October 24, 1956
Account of a Meeting at the CPSU CC, on the Situation in Poland and Hungary
The CPSU CC Politburo meets to discuss the burgeoning crises in Poland and Hungary. Also participating was the leader of Czechoslovakia, Antonin Novotny. Khrushchev described for the Soviet leadership his discussions with Gomulka on the Polish situation. Khrushchev urges patience in dealing with Poland. On the situation in Hungary, Khrushchev tells the Soviet leaders that actions were taken at the request of the Hungarian leadership.
October 24, 1962
Cable no. 319 from the Czechoslovak Embassy in Havana (Vladimir Pavlíček)
This cable sent to Prague confirms the decision by President John F. Kennedy to blockade Cuba, based on talks between Cuban Foreign Minister Raul Roa and Soviet Ambassador to Cuba Aleksandr Alekseev. Despite no orders for the American warships to stop Soviet ships, Alekseev was preparing in anticipation for "dangerous provocations." Cuba canceled all PanAm flights, while at the same time allowing Czech and Soviet flights to proceed.
October 28, 1962
Report to Czechoslovak Communist Party (CPCz) General Secretary Antonin Novotný on European Military Situation
This report to Antonin Novotny details the European military situation at the time of the Cuban Missile Crisis. Most NATO troops were on combat alert, but no increased activity or suspicious movements were reported. The Czechoslovak Armed Forces were at combat ready status to repel any attack by NATO.
October 30, 1962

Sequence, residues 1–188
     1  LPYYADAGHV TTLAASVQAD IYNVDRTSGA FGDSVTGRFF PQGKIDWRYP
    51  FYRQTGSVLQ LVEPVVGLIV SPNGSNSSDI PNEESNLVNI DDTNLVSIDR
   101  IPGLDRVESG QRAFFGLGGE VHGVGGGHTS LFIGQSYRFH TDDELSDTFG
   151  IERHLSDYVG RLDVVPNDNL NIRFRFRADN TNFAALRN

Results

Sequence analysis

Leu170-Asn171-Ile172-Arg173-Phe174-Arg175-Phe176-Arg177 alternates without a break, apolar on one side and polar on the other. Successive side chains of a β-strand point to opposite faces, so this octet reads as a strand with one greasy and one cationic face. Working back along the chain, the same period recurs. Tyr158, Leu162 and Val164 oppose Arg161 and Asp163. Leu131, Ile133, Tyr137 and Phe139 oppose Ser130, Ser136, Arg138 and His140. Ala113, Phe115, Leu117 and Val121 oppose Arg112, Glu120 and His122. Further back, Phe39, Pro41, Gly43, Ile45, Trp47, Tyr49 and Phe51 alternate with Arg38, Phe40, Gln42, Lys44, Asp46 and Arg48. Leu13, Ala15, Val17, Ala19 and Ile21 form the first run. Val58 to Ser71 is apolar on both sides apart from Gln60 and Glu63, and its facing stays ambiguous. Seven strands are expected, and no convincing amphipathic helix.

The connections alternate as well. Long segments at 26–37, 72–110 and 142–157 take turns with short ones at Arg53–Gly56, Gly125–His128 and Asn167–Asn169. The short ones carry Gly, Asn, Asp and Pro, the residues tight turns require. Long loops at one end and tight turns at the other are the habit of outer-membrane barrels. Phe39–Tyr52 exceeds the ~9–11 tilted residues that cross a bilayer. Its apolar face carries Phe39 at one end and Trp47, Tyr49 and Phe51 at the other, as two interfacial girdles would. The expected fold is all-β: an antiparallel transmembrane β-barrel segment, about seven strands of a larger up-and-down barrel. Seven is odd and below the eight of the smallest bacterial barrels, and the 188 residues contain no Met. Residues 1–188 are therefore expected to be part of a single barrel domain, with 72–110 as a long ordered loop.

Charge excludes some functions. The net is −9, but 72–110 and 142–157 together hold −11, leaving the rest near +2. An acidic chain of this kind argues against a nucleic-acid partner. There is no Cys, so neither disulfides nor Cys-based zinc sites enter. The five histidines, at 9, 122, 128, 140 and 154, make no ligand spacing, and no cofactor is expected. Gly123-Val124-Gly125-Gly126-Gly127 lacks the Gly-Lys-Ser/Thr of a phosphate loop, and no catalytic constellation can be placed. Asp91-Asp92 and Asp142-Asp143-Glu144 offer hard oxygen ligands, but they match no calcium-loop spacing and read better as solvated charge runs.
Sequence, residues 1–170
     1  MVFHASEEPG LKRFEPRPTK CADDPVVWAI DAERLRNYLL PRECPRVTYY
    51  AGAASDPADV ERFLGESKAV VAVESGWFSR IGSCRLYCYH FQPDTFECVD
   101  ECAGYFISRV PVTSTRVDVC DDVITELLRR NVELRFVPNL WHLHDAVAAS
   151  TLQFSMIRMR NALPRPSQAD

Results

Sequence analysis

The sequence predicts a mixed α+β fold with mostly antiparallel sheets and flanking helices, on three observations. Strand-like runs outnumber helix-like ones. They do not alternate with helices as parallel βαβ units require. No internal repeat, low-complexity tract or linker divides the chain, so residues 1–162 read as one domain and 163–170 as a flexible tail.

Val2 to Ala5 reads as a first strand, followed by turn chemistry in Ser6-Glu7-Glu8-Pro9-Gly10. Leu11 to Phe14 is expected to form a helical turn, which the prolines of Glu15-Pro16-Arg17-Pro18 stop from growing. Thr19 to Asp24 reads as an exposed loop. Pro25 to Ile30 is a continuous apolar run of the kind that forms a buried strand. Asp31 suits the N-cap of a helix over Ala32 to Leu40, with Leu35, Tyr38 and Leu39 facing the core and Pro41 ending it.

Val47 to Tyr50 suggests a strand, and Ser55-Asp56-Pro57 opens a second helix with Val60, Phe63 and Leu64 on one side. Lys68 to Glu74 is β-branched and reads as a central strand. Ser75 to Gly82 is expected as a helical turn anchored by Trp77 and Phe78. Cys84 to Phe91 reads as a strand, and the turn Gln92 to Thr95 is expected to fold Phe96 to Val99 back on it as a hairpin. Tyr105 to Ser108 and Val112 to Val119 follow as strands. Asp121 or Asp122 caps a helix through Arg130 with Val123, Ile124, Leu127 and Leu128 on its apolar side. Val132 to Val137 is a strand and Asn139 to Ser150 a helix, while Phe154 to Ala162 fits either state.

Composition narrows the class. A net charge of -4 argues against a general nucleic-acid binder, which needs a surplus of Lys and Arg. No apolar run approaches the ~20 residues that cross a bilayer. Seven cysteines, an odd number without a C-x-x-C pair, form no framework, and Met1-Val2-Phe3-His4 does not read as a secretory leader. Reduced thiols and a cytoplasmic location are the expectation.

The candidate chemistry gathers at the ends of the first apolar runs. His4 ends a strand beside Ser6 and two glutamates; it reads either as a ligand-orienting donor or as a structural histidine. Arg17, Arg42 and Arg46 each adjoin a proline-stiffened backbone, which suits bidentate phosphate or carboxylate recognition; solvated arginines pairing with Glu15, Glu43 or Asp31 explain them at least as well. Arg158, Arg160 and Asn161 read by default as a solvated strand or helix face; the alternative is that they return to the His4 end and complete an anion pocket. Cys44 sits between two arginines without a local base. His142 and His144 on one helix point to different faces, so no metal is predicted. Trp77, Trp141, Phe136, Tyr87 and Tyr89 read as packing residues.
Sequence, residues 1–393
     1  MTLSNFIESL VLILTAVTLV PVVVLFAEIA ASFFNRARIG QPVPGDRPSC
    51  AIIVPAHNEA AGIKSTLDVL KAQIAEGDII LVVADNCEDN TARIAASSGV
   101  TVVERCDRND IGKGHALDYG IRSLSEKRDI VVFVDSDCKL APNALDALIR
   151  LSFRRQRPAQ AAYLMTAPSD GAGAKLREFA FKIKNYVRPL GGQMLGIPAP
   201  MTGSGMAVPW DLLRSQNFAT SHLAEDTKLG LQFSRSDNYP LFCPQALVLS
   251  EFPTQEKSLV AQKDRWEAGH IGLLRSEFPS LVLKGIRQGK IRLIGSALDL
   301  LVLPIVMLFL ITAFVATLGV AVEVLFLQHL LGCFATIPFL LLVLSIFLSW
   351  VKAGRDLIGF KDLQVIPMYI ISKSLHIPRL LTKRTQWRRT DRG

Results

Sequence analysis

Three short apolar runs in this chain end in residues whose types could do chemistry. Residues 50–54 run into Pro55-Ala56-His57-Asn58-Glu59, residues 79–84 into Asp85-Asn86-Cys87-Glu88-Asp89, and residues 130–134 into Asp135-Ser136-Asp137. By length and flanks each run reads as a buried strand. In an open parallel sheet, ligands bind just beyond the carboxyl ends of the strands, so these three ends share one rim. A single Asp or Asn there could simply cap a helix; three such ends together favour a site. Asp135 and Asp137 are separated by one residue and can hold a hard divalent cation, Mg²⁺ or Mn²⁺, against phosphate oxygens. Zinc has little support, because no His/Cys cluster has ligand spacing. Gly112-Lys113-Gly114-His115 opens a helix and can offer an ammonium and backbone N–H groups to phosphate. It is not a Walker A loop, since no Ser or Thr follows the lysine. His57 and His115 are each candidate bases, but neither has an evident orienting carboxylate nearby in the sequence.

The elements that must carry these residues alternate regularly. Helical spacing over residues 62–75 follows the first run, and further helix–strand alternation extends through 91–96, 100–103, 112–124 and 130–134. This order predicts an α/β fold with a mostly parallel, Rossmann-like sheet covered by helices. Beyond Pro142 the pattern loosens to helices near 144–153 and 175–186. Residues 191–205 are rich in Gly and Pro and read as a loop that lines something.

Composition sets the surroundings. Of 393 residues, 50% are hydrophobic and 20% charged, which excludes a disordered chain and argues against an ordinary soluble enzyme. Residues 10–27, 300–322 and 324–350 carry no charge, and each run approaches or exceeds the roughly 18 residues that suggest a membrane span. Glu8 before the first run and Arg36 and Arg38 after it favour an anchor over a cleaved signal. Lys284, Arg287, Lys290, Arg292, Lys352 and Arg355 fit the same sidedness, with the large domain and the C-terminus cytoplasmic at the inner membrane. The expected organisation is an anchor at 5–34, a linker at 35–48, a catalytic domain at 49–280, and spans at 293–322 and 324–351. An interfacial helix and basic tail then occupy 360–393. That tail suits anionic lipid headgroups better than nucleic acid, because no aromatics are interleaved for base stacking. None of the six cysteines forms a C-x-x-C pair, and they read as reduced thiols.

Minutes of Conversation between the Delegations of the CPCz and the CPSU, The Kremlin (excerpt)
In this conversation between Khrushchev and Novotny, Khrushchev used exceptionally candid language to defend his handling of the superpower confrontation, what he described as “six days which shook the world.” While well aware that many fellow communists (including the Chinese and Cubans) regarded his agreement under pressure from US President John F. Kennedy to remove the missiles as a surrender to the imperialists, Khrushchev stoutly defended his action as not only a necessary measure to avoid a catastrophic nuclear war, but actually a victory. Khrushchev bluntly criticized Fidel Castro for failing to comprehend the true nature of war in the thermonuclear age and, that at the height of the crisis, he had suggested in a letter to Khrushchev that the Soviets should be the first to use nuclear weapons, striking the United States should it attack Cuba, even though this would lead promptly to a global war.
November 29, 1962
Czechoslovak Ambassador to the United States (Dr. Miloslav Ruzek), Report on Anastas Mikoyan’s Conversations in Washington
The report details Mikoyan's talks with President John F. Kennedy in Washington D.C. Among the topics of discussion were questions of hemispheres of influence, whether the Soviet Union promoted a revolution against the USA in Cuba, and whether Castro was made an enemy of the USA or was one from the beginning. Conduct of both nations with regards to the Cuban question is discussed at length, ranging from whether U.S. was correct in acting against a perceived threat to security, the conduct of the Cuban people, the extent of Soviet involvement in Cuba, and what military hardware would be left in Cuba after the removal of the nuclear missile bases.
January 20, 1965
Minutes of the Meeting of the Political Consultative Committee of the Warsaw Pact Member States, Warsaw
(Excerpts) Minutes of discussions of the Warsaw Pact Political Consultative Committee concerning non-proliferation. The Romanian delegation argues against a joint declaration of the Warsaw Pact on non-proliferation for fear that it might be used against China. The other delegations argue that a joint declaration is necessary in order to prevent the creation of the Multilaterall Nuclear Force proposed by NATO.